By the way, a note: The question what keeps, for example, a modus ponens valid or 2+2=4 true across space and time is not a similarly challenging question to my mind. I am ready to grant that the validity of laws of logic and mathematics is just timeless and locationless.

      Erdinç Sayan

      May 21, 2012 at 3:17 am

      • Dear Erdinç Hocam,

        To the question ‘What sustains dispositions?’, a dispositionalist (or rather a pandispositionalist) might give an answer in the following way: Dispositions or powers are the most basic ontological category – that is, there is no lower category than dispositions or powers in the world. And, s/he conceptualizes that all properties are dispositional or rather dispositions/powers and takes ‘properties are powers’ as primitive. So, s/he might say that it is just the way the world is.

        So, if properties qua dispositions/powers are primitive, then it might explain why electrons possess the same dispositions across the whole space and time. An electron could no longer be an electron if it would have different dispositions at different places and times.

        About the question ‘What gives permanence or endurance to object’s dispositions/powers?’ … can we say their primitive nature? the appropriate surrounding infrastructure (that enables dispositions/powers to manifest themselves)? Perhaps some dispositions/powers (have) disappear(ed)(?) in time and likewise some new dispositions/powers come (came) into being (weakly emerge(d)?). I do not know.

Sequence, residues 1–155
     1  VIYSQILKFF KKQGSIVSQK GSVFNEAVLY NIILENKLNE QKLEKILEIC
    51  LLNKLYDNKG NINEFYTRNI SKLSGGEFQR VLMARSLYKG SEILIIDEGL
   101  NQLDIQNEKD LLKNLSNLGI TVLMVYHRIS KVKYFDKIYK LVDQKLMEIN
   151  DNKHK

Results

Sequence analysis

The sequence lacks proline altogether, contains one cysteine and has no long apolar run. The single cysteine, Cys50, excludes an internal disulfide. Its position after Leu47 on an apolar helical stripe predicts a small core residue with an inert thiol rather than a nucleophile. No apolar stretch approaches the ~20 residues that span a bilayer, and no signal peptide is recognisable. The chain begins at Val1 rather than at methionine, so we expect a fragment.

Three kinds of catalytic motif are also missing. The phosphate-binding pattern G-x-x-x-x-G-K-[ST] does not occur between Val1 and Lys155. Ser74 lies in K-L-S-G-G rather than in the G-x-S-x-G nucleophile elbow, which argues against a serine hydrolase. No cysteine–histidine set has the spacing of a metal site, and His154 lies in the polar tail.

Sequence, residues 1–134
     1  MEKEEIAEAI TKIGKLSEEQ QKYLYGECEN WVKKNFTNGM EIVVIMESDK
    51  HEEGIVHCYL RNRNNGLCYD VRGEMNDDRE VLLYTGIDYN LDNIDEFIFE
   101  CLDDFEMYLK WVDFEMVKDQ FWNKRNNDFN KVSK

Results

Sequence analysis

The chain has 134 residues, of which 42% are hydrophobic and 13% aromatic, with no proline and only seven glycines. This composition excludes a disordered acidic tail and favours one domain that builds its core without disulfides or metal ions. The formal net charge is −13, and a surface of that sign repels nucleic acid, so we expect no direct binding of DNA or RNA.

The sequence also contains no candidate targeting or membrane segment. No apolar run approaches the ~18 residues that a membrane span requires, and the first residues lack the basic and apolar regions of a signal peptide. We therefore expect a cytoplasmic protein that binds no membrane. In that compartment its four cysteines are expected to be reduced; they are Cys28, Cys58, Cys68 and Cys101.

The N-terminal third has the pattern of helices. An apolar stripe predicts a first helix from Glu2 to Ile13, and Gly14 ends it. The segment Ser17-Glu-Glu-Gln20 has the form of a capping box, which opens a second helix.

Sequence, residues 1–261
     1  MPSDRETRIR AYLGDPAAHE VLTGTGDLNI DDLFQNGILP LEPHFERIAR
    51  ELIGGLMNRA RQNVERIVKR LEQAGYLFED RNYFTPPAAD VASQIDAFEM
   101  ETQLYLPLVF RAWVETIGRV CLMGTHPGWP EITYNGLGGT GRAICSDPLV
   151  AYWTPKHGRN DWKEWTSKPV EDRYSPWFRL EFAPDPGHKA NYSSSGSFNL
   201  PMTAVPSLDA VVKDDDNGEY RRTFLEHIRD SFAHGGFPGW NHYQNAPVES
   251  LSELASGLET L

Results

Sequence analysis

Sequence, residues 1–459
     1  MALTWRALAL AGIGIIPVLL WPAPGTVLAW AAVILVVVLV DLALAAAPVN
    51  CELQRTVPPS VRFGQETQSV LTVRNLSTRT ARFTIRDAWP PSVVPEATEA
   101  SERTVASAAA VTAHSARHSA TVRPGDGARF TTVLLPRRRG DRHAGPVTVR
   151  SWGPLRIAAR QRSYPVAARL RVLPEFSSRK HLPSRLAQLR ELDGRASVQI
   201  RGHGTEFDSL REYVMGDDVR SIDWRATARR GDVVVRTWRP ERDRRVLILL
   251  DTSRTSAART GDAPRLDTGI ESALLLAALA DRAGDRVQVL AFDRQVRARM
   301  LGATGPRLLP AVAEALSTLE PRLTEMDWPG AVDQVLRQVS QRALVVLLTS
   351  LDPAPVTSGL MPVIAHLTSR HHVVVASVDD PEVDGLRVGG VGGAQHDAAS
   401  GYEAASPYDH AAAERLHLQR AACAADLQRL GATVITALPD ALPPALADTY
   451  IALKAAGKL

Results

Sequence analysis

The crucial point to which dispositionalists want to attract our attention is that the dynamism in the world is essentially provided by powers. And perhaps there are no laws in nature in the metaphysical sense (see Stephen Mumford “Laws in Nature” 2004). (Bird and Mumford differ from each other in terms of their views about laws of nature.) The world they portray for us is foundationally a different one from the world Humeans portray, though. To be more specific, all properties are categorical, inert, passive in a Humean world. In my opinion, a Humean might not provide an answer to the question ‘What is the causal infrastructure underlying the regularities in nature?’, because Humean metaphysics is not well equipped with the required infrastructure to provide an answer. However, a metaphysician of power might be (more) successful at providing an answer since his/her metaphysic is richer, and hence can say more.

        Furthermore, in the first post, you have asked why there is uniformity in nature. We think that the nature is uniform or seems to be uniform. Yet nature may not be ‘that uniform’ indeed. Perhaps there are only a few regularities in nature. Even perhaps there are none! If we follow pandispositionalism and accept that all properties are powers, then the case would be just that some powers when they meet under appropriate circumstances manifest themselves if not prevented by other powers in the surroundings. And we call the successful manifestations regularities if they exhibit an orderly pattern. Yet this does not necessarily indicate to us that nature is uniform to the fullest extent. (What do you think?)

        To those who adopt powers in their ontology, I think we can raise a further question: Why are there these powers in the world and why are there these specific ones but not other ones? Is there a law of nature behind this? Then, things can get even more complicated.

        Eser

        June 23, 2012 at 8:18 pm